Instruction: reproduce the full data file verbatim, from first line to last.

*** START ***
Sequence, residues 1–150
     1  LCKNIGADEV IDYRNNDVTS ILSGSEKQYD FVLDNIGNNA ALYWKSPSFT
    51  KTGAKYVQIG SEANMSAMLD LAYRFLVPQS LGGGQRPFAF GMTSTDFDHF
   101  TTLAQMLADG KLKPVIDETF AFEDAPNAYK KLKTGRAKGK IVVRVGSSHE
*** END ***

Sequence, residues 1–150
     1  LCKNIGADEV IDYRNNDVTS ILSGSEKQYD FVLDNIGNNA ALYWKSPSFT
    51  KTGAKYVQIG SEANMSAMLD LAYRFLVPQS LGGGQRPFAF GMTSTDFDHF
   101  TTLAQMLADG KLKPVIDETF AFEDAPNAYK KLKTGRAKGK IVVRVGSSHE